What sizes and shapes say about seashells

Fresh raw Clam close up on white
Orlando Bellini/Fotolia

Clam shells, like trees, have rings that mark the passage of time. The size and shape of those rings also offer a road map of climate conditions during those passing years.

One new study of shell rings, for instance, suggests that humans have reversed the way the ocean and the atmosphere naturally interact.

“The planet is covered in 70 percent ocean. We wanted to be able to understand weather and climate and what happened before people really started to alter things,” said Al Wanamaker, associate professor at Iowa State University and part of the study.


Researchers analyzed ocean quahogs to understand their chemical makeup. Each ring equals one calendar year, and oxygen isotopes found in the rings tell scientists about ocean conditions. “Embedded in the seashell itself is an archive of ocean conditions through time,” Wanamaker said.

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When clams suck in seawater to eat microscopic plants, they also use the water to create calcium carbonate, a mineral that binds new layers of the shell together. It’s the same mineral that crusts sink faucets and stains them white.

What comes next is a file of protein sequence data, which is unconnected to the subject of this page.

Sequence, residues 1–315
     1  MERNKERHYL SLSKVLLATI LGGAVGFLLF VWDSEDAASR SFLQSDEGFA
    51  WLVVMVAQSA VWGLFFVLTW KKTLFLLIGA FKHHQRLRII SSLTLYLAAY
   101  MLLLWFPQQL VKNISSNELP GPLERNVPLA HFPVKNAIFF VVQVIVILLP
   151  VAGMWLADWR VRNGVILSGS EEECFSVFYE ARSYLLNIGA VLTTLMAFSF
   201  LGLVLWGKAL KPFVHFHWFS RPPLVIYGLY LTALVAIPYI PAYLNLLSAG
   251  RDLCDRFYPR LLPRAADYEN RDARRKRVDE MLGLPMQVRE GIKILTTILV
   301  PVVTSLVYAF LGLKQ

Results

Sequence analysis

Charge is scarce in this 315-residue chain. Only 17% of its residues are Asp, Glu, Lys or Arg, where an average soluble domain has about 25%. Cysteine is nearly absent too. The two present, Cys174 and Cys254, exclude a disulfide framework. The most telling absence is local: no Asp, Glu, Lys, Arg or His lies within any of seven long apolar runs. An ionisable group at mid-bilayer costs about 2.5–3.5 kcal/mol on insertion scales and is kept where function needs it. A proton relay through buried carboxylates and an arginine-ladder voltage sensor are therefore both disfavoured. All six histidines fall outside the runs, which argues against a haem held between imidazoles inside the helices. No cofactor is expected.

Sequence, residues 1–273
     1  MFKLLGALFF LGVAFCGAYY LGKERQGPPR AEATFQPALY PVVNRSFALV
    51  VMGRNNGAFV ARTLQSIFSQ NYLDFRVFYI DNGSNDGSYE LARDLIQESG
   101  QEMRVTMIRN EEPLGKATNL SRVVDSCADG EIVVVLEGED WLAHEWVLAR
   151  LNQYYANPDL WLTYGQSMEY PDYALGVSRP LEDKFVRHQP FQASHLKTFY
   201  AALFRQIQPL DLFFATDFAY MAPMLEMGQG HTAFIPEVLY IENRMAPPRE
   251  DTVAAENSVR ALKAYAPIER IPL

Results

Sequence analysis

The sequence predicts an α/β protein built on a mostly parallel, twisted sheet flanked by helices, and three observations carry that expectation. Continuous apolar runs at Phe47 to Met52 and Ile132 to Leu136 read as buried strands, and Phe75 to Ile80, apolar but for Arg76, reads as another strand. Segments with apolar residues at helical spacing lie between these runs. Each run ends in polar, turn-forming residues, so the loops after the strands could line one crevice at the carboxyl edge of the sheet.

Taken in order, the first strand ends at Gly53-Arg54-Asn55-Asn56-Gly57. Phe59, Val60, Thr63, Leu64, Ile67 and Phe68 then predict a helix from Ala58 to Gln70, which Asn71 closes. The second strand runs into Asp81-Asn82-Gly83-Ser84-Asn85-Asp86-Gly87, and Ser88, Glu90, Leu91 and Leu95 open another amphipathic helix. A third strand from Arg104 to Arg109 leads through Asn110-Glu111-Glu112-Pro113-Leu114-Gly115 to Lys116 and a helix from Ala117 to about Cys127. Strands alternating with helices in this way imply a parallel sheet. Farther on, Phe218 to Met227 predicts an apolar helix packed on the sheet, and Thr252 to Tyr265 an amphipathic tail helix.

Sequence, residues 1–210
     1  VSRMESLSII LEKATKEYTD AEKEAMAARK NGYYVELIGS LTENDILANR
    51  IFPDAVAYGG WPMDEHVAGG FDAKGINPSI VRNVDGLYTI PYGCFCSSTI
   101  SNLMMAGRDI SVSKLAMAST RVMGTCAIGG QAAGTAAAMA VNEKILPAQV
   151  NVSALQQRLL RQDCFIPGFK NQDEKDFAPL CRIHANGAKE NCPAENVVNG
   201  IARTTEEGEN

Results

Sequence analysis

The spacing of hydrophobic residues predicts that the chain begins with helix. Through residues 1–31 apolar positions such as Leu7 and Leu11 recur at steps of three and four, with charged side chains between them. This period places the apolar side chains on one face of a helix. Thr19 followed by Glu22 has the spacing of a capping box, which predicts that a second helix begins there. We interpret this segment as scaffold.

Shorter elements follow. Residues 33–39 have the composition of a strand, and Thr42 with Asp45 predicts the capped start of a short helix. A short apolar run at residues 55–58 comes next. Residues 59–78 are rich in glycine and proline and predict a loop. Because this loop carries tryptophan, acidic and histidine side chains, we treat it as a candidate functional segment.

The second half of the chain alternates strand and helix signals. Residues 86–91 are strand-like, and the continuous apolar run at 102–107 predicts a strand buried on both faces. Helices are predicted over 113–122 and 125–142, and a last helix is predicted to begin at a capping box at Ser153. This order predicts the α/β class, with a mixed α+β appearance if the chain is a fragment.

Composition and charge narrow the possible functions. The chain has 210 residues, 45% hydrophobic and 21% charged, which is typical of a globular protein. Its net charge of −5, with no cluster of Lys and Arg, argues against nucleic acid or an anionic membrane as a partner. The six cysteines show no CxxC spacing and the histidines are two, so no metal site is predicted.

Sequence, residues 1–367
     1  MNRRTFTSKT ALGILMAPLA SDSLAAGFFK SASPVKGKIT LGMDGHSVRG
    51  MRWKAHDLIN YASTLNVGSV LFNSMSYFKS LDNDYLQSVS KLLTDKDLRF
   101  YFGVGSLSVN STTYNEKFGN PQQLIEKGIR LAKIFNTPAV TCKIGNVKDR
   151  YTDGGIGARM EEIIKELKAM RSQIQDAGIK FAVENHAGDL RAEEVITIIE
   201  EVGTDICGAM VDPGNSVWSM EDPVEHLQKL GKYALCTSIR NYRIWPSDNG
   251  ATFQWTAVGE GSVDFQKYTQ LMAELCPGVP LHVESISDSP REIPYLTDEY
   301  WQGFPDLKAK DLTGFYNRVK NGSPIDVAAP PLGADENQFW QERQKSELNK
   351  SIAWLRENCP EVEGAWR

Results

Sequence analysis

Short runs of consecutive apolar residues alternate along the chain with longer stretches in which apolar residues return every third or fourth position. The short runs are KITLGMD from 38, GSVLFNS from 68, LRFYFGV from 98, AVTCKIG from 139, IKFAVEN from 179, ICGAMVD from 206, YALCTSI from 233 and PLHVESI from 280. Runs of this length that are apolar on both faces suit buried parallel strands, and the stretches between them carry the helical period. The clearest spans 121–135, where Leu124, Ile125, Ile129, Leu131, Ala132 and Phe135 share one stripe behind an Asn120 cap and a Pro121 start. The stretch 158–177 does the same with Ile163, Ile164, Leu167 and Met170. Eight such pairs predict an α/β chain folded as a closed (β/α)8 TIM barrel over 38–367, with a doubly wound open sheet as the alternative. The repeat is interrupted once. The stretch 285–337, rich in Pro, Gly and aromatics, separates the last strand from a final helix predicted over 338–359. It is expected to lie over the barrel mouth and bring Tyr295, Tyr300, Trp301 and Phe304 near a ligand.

To create a continuous record of yearly sea temperatures, scientists recorded the chemical composition of rings on both dead and living clam shells. They ended up with annual data that span 1,200 years — the longest record yet.

“To have a data point on this, every year for [about] a thousand years, is very unique,” said Valerie Trouet, associate professor of the University of Arizona’s Laboratory of Tree-Ring Research. “If we better understand how the ocean-atmosphere system works, we can develop better models for where the future will bring us.”

That future has plenty at stake: According to the data, oceans led the atmosphere’s temperatures for the first 800 years, but the industrial revolution in the 1800s started to reverse that process. Continuous output of greenhouse gases in the atmosphere leads the ocean to absorb more heat. That means coral bleached white by warming oceans — which robs fish of their homes and their camouflage — on top of other consequences.


In other words, entire ecosystems that have lasted on earth several millennia are in trouble, and it’s partly because humans may have accidentally tipped the scale toward atmospheric dominance.

Kelly Kasulis is a journalist living in Boston and the deputy digital editor of The GroundTruth Project. Follow her on Twitter @KasulisK.